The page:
The 1972 revival of Plough Monday came about when Jim Daniels, Rodney Beeton, Terry Pask, Roy Ellam and a few others got talking over their pints in a village pub one evening and decided to use the event as a way to raise funds for the village.The original plough, which is said to be over 200 years old, was deemed too frail to use so a new one was built using the original framework and new timber which was thought to be about 100 years old.This, plus the addition of a wheel, formed the plough which is still in use today (it’s a bit like Trigger’s broom ... it had many years of service and only had 17 new heads and 14 new handles!).
On Monday 10th January 1972, the refurbished plough was brought out from Lower Farm with six men acting as the horses and an assorted group of men dressed in smocks and string-tied breeches.The top-hatted squire was Rodney Beeton, the part of “Betsy” was played by Alan Plumb owing to the fact that he had the longest, curliest hair.The Ploughmen were accompanied by the Linton Folk Club.The charity in this inaugural year was the Church Tower Fund for which £75.00 was raised.
In 1974, the Cambridge Morris Men were invited to resume their role of 18 years previously and accompanied the team around the village.The list of 44 calls was long and largesse in the form of homemade wine, mince pies and other refreshments was provided at many of these stops.A couple of dances was all there was time for at most places.The Ploughmen had blackened their faces (as in the 1800s style).One Ploughman, Tommy, wore his great uncle’s tall hat and Betsy was got up in the approved style with a well padded bosom.The Queens Head public house, the final destination that year, had standing room only and, when the plough went in, several people had to make a temporary exit.The £262.00 collected was spent on food parcels for Balsham’s over 70s and were delivered on the following cold, snowy Sunday.It took the team a whole day to deliver these parcels and, after being invited into homes to sample various homemade wines and brews, it could only be hoped that the parcels had reached the right households.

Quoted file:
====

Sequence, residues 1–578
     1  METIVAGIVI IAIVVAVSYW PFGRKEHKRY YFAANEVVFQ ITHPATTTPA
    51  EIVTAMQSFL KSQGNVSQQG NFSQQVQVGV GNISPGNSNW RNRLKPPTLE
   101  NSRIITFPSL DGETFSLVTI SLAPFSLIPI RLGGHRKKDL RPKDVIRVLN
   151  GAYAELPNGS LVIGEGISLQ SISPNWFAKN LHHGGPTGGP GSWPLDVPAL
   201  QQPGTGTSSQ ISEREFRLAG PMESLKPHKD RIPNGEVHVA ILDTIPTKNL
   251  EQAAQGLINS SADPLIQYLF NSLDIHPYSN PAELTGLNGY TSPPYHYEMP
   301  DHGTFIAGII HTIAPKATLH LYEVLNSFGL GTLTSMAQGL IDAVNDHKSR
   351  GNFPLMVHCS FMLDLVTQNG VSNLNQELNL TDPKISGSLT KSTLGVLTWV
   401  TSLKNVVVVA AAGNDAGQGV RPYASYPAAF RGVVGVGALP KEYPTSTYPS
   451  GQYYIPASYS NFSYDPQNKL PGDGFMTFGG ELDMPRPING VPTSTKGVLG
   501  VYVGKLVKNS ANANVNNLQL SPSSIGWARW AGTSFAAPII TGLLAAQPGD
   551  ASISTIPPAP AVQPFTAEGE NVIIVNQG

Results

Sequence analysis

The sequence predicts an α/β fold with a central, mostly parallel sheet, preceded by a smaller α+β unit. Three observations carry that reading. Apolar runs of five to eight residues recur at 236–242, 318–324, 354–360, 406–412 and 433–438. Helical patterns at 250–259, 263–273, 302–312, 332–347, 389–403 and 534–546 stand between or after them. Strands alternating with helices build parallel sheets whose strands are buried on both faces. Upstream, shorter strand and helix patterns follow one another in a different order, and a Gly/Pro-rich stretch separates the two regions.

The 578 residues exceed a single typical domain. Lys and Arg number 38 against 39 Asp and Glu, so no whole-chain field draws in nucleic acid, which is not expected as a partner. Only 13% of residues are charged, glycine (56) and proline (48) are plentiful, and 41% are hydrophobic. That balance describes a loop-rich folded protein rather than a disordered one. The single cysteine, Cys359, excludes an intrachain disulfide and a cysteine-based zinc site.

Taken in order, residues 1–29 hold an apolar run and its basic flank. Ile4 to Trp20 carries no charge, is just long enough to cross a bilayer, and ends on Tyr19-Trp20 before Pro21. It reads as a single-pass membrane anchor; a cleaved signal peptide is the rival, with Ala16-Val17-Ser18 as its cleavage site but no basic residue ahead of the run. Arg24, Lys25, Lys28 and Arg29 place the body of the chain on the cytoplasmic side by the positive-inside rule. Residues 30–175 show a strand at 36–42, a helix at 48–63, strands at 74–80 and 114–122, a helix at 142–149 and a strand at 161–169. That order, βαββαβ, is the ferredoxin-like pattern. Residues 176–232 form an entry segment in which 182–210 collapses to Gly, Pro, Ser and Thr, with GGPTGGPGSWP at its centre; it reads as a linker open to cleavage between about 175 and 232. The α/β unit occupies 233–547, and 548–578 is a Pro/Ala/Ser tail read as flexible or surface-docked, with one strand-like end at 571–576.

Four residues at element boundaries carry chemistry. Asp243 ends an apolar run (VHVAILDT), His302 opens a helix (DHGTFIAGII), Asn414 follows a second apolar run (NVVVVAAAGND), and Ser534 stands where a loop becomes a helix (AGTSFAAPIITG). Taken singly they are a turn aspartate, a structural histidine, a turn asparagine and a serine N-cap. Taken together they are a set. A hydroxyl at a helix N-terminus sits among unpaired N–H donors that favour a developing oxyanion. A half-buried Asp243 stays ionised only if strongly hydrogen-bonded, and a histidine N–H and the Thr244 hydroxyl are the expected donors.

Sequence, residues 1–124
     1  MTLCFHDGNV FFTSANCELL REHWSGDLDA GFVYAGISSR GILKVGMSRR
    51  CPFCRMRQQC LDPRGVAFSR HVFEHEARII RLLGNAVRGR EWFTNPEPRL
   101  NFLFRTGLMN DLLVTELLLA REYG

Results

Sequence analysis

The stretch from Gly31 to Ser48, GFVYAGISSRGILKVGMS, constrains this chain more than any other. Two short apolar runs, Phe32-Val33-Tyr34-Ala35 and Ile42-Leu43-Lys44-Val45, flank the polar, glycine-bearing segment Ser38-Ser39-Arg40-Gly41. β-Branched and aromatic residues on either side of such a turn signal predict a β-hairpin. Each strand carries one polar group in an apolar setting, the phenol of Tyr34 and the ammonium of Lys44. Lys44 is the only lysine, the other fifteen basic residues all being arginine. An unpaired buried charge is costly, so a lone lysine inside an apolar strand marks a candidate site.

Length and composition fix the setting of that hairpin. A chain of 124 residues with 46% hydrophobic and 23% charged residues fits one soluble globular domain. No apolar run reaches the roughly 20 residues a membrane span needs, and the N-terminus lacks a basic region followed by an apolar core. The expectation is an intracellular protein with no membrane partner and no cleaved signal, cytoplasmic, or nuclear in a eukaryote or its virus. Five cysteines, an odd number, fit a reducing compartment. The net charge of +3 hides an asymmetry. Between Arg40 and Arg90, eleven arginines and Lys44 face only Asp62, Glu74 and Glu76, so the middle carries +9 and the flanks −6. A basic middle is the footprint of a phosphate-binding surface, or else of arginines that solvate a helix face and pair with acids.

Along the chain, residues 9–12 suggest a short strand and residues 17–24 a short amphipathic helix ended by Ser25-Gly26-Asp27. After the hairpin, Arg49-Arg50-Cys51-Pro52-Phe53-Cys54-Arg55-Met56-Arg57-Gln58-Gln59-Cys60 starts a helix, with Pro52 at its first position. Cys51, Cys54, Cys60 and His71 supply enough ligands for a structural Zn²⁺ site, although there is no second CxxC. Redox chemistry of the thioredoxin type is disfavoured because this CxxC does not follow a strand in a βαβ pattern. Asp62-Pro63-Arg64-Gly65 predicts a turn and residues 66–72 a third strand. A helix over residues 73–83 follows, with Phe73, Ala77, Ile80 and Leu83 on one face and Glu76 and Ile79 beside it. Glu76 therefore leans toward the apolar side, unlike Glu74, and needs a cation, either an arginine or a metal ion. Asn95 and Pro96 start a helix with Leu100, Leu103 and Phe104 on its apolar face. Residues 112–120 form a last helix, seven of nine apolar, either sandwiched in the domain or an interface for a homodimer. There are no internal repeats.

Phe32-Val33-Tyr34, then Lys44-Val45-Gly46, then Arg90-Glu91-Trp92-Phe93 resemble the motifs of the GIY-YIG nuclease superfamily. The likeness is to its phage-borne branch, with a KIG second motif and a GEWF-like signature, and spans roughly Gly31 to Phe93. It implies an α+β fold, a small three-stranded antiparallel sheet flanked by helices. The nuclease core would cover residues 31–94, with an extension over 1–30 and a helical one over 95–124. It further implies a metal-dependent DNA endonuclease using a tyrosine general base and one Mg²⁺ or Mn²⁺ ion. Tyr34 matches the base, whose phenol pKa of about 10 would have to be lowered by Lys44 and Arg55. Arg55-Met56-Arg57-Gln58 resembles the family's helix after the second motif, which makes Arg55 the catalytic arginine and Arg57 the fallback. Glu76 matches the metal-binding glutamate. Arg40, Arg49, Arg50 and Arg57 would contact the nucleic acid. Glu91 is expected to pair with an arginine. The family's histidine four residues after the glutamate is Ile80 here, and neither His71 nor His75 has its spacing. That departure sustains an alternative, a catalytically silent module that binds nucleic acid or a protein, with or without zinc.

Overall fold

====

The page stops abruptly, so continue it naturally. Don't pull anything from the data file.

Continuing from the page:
Plough Monday continued to grow in popularity and, in 1982, fame had spread to television when the team were invited to Anglia TV studios for a spot on “About Anglia” and, of course, the plough went too.It was also in the 1980s that a television film crew came out to Balsham and did a piece on Plough Monday customs with some locals which included one of Dick Barker’s chickens in the taproom of the Queens Head.
1983 saw the introduction of a ‘song’.This comprised of a tune similar to “All jolly fellows who follow the Plough”, based on a traditional Plough Monday song.This was sung at every call, gathering in volume at each stop, with requests for encores.However, it was abandoned the following year as it had taken so long to get round the village.
By the middle of the 1990s, Plough Monday had taken on a slightly different slant by being more organised, with less calls but more time being spent at each.Also, it became popular for the host at the pre-arranged calls to invite friends and neighbours in to meet the Ploughmen.This arrangement meant less door-knocking late at night and more time to socialise and raise awareness of what Plough Monday is all about.This also meant that they were able to be more punctual.